[55 Del. 197] On State's motions to dismiss the appeals.
Joseph J. Longobardi, Jr., Kenneth W. Lewis, Deputy Attys. Gen., for the State.
Robert C. O'Hora, Wilmington, for the defendants.
The defendants, James F. Campbell and Dominick Derogatis, were arrested on December 30, 1960, and charged with receiving and recording bets on horse races. Defendants were tried in the Municipal Court of Wilmington on January 31, 1961, and adjudged guilty. A Judge of the Municipal Court sentenced each defendant by imposing a fine of $100.00 and costs and imprisonment for 30 days.
Defendants appealed and the State filed a motion to dismiss the appeals contending that this Court has no jurisdiction to entertain such appeals.
The jurisdiction of the Superior Court to entertain appeals in cases of this nature
is governed by the following constitutional provision:
'* * * there shall be an appeal to the Superior Court in all cases in which the sentence shall be imprisonment exceeding one (1) month, or a fine exceeding One Hundred Dollars ($100.00).' (Article IV, Section 28, Constitution of the State of Delaware, Del.C.Ann.).
By its motion the State questions a long established and heretofore unchallenged statutory interpretation whereby such sentences have been regarded as subject to appeal. I find no reported Delaware case wherein the point has been discussed.
It is agreed that a sentence of thirty days imprisonment is a sentence of one month for purposes of interpretation of the pertinent provision of the constitution. Thus, a sentence [55 Del. 198] involving a fine in an amount of more than $100.00 or imprisonment for a period of more than 30 days would be appealable under the constitutional provision cited above.
Here, however, neither the fine nor the imprisonment standing alone would be subject to an appeal since each falls just short of the constitutional requirement. Did those who framed our constitution intend that a sentence including the specified limit as to both types of punishment would not carry with it a right of appeal? Does a sentence exceed thirty days if a fine is added? May one accumulate 'credits' toward one test for appeal and apply them toward another test or is each test independent? Are we being asked to say that one who is 99% qualified for an appeal on one test be deemed to be qualified because he is also 99% qualified on another test? As a matter of logic the two sides of these questions may be debated with almost equal persuasiveness.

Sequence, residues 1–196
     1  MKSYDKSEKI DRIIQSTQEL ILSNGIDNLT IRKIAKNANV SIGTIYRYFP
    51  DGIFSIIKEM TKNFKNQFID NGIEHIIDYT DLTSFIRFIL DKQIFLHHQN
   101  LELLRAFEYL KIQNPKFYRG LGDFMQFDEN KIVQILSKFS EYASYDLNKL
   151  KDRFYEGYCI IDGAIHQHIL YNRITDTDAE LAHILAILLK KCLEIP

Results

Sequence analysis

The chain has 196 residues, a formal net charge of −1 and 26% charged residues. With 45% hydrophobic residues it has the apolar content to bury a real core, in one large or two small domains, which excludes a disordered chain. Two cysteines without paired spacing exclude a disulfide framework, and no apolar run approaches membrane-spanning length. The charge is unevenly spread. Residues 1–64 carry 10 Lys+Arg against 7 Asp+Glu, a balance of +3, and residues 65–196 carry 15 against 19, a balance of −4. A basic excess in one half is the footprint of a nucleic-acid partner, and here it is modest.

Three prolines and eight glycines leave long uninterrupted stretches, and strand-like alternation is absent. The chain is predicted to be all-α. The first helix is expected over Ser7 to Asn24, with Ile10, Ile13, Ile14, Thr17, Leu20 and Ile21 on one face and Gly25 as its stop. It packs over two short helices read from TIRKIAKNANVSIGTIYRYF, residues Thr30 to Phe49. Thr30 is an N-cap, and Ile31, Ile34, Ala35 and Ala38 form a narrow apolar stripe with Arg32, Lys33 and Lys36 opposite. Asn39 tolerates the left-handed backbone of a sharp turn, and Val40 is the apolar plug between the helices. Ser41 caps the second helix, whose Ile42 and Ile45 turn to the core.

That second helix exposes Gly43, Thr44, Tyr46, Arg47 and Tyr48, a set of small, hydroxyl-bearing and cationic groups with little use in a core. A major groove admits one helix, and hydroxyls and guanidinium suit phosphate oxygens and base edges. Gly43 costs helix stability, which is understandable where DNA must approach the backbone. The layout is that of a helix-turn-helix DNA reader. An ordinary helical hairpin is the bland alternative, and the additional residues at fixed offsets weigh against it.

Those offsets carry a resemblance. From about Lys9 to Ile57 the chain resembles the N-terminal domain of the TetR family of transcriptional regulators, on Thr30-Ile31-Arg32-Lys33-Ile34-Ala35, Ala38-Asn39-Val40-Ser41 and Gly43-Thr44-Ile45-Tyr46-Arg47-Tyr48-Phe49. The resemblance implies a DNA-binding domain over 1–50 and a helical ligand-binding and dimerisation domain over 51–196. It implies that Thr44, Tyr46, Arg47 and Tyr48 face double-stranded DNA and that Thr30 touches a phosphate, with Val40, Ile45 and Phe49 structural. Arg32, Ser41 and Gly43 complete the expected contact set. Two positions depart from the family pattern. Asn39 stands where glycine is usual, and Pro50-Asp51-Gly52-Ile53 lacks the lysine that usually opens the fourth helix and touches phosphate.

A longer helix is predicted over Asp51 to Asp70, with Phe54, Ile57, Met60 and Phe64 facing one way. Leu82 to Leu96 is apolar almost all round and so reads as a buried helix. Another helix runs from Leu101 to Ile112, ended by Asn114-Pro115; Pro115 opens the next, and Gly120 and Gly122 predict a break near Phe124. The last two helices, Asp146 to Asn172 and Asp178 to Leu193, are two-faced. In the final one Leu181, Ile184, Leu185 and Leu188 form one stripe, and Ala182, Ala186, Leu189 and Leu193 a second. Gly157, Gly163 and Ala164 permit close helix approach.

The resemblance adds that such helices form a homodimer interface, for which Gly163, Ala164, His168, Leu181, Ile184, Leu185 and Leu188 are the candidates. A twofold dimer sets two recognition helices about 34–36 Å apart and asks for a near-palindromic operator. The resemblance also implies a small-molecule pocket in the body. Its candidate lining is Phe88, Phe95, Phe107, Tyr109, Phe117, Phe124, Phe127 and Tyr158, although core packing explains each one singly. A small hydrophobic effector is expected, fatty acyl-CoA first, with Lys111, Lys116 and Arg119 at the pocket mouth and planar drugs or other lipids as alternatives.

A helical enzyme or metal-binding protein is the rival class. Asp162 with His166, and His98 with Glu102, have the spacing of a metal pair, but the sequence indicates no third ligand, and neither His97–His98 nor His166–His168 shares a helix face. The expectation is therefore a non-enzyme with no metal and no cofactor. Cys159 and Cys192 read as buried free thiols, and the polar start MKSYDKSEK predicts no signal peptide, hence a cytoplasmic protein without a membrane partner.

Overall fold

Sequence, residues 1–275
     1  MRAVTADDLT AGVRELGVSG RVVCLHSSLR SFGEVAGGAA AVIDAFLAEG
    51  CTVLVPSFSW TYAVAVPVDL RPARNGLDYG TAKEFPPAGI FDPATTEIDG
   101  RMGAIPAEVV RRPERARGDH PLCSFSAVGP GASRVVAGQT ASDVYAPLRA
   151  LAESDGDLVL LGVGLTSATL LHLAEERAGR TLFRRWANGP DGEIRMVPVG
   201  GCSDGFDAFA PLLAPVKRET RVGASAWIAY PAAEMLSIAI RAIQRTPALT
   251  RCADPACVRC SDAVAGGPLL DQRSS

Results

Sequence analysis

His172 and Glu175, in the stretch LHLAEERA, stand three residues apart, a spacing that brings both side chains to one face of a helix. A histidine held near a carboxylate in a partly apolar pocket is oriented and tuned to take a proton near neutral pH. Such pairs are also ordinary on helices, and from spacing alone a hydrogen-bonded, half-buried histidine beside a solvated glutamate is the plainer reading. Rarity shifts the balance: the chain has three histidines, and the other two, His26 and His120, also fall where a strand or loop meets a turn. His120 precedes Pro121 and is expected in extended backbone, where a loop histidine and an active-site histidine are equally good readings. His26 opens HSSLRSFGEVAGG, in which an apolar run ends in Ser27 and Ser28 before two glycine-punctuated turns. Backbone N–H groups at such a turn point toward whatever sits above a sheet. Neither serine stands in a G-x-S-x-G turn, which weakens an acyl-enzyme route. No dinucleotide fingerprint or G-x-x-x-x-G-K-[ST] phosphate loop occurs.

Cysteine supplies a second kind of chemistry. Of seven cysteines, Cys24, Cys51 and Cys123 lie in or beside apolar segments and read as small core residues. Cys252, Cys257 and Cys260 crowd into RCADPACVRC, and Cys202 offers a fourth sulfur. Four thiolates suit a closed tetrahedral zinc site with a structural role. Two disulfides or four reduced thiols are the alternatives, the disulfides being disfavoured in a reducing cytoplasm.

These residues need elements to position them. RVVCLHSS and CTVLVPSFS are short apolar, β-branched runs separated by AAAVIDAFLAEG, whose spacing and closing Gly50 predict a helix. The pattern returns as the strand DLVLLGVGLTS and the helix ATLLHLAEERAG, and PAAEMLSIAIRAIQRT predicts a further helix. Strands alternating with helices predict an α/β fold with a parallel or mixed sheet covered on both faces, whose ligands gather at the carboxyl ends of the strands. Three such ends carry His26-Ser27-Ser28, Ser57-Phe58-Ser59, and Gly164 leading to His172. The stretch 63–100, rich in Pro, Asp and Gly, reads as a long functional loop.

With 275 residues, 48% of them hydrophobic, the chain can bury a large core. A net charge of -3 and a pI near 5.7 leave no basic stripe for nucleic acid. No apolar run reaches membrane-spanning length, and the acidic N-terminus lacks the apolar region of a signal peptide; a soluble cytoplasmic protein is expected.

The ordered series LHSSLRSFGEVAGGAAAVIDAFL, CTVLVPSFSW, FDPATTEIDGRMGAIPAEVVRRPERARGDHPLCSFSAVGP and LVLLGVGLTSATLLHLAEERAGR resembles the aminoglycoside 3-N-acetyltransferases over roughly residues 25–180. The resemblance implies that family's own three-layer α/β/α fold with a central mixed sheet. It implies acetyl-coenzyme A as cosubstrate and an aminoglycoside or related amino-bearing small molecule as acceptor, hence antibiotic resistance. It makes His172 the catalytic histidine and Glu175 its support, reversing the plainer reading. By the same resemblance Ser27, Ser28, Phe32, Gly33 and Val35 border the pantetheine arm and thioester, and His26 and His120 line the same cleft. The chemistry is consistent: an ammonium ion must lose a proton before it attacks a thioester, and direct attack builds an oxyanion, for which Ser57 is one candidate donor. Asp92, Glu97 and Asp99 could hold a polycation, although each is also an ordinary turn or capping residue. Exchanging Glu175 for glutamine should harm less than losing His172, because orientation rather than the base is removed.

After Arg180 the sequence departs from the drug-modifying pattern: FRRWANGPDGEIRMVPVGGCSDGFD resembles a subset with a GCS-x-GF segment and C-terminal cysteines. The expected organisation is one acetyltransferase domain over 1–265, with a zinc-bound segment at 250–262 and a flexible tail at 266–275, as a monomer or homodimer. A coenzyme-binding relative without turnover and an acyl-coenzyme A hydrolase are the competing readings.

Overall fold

The debates of the constitutional convention show that the framers did not address themselves to the issue at bar. They were concerned about the possibility that excessive sentences may be imposed in the trial courts and they were eager to make the right of an appeal a constitutional right. Debates and Proceedings of the Constitutional Convention of the State of Delaware (published in 1958) pp. 1792, 1795.
It has been observed the constitutional provision permitting appeals was inserted for the express purpose of allowing a review of any case where the Judge below had imposed what might be considered an immoderate sentence or when the offense might not be commensurate with the penalty imposed. State v. Stevens, 3 W.W.Harr. 479,139 A. 78 (Ct. of Gen. Sessions, 1927). In the above stated basic purpose of the constitutional provision may be found the key to the reasonable interpretation of the provision.
As a matter of statutory construction, provisions of criminal statutes designed to protect or grant rights to [55 Del. 199] those accused of crimes should be liberally construed in favor of those they are designed to protect. Any limitation on a right to appeal may find arbitrary application because anyone receiving a sentence just below the appealable limit has in fact received an unappealable sentence substantially similar to another sentence which if imposed would have been appealable. However, if there is any doubt as to the proper interpretation of a statute limiting a right to appeal, the doubt should be resolved in favor of the accused.
Where human rights are involved and two grievances each of which fall just short of legal significance meet, the potential injustice is bound to be greater than that which might result from either of the ...